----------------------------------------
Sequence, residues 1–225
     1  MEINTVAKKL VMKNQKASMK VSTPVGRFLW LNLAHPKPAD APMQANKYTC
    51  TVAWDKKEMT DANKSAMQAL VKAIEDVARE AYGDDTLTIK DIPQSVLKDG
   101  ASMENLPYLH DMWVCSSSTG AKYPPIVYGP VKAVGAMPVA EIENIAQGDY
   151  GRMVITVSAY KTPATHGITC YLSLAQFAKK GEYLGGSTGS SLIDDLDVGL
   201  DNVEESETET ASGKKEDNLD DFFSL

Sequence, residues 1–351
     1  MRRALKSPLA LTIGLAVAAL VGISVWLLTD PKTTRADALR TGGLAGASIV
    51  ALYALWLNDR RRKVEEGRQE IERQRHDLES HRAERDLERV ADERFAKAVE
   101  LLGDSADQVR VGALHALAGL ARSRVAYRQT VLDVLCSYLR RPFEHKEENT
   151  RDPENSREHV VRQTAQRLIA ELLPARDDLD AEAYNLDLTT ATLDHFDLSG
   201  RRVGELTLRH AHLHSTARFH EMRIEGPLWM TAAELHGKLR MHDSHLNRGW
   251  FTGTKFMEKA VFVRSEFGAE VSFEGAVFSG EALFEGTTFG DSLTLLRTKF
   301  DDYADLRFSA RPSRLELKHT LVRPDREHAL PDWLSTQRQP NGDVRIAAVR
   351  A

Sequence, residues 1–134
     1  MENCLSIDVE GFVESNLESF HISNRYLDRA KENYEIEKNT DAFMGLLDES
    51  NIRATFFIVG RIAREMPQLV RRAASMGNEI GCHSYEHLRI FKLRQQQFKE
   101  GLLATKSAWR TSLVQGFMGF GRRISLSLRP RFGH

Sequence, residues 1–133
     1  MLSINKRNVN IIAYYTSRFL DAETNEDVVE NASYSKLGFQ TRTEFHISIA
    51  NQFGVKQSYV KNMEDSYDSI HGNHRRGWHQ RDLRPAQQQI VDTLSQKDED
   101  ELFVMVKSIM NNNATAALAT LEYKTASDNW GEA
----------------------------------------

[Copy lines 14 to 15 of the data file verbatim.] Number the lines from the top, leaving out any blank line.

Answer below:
   301  DDYADLRFSA RPSRLELKHT LVRPDREHAL PDWLSTQRQP NGDVRIAAVR
   351  A